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Anacostia Watershed

The Anacostia Watershed is an example of a large scale, area wide contamination problem that is successfully being addressed by the voluntary collaboration and partnership of public and private programs. The Anacostia watershed spans three main jurisdictions: Prince George and Montgomery Counties in Maryland and the District of Columbia.

Forest with River


In 1999, EPA convened the Anacostia Watershed Toxics Alliance (AWTA), a coalition of over 25 different groups, agencies, and institutions, to address the complex environmental issues in the Anacostia watershed.

Assessment and cleanup of the Anacostia watershed and river is challenging because of its size (176 square miles), the numerous contaminant sources, and the complexity of tidal flow. Some of the major environmental problems include:

The objective of AWTA is to investigate toxic substances that present an unacceptable risk to human health and the environment, and develop and implement a comprehensive contaminated sediment management strategy.

AWTA is also working closely with environmental groups and regulatory agencies looking at other problems affecting the river such as total maximum daily loadings, combined sewer overflow releases, and trash.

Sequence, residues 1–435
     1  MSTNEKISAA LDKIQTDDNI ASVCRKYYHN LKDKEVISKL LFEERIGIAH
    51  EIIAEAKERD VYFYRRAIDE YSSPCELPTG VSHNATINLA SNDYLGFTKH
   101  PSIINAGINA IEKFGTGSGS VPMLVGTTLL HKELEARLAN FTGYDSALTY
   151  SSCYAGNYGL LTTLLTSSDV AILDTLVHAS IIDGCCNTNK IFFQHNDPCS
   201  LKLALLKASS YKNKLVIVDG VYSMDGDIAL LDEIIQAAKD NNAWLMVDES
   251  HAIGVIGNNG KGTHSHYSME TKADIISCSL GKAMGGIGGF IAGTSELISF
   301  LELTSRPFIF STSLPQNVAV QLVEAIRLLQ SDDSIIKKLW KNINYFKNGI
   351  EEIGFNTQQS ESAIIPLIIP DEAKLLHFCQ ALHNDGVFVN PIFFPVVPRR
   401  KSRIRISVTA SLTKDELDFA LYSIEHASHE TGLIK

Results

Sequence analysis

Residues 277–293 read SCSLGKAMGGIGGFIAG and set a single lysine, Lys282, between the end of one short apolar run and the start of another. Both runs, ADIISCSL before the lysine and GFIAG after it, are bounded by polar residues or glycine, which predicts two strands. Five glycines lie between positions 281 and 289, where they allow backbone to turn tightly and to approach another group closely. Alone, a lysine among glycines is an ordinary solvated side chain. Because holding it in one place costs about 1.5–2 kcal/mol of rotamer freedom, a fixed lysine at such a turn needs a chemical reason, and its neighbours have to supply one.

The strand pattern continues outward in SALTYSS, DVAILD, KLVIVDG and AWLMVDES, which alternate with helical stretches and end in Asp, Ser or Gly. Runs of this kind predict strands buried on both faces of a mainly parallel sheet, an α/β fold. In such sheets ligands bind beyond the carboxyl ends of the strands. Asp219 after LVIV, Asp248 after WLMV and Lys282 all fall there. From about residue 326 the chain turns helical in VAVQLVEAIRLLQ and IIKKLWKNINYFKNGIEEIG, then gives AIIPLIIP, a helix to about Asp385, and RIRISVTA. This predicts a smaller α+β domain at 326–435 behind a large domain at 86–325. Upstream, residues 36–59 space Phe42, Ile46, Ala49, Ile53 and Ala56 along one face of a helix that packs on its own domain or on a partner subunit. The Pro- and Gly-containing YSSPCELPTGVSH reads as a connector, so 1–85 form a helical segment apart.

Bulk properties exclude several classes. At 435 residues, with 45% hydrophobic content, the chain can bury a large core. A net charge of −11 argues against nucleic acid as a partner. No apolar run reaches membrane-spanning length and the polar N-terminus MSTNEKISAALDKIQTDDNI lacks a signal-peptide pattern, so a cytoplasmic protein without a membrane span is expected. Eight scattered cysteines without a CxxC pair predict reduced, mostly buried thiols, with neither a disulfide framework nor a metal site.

What Makes the AWTA Approach Unique?

The AWTA is based on the assumption that studies and remedies can be performed more effectively and efficiently through the cooperative efforts of many. By pooling available fiscal and technical resources, AWTA has been able to support a watershed-based approach to address the problem of contaminated sediments in the Anacostia River.

The work being done here is innovative in that it does not mimic EPA=s normal operating approach. The hazardous contaminants fouling the Anacostia watershed are being investigated and addressed, not by Superfund or potentially responsible parties alone, but by over 25 public and private volunteer stakeholders, who are performing this work without the issuance of judicial or administrative orders. The net effect has been an accelerated effort to secure scientific understanding of the problem and consensus on a strategy for cleanup.


The AWTA effort at this point has leveraged almost $20 million in private and other public support which is greatly accelerating the pace of efforts to address this difficult problem.


The AWTA approach is being shared with local watershed committees of the Elizabeth River Project of Virginia where very similar issues persist. EPA Region III began a concerted effort to partner with the Elizabeth River Project through a kick off meeting in June 2002. These urban river restoration pilots may be transferable to many other areas where sediment contamination and urban river management issues exist.

The Anacostia Watershed Map


The approach has been widely embraced and AWTA is sustaining itself through the full support and ownership of its many partners. Monthly meetings rotate among members and subgroups tackle various issues. It has been successful in leveraging considerable private and public resources.

A three-phased approach with an aggressive schedule is being executed:

Interim Results

Not waiting for the final strategy to be completed, ATWA members have been effectively cleaning up their sites and stopping the flow of contaminants to the river. Through their efforts, they have:

For additional information:

Catherine King - EPA Region III (215) 814-2657
Jon Capacasa - EPA Region III (215) 814-5422

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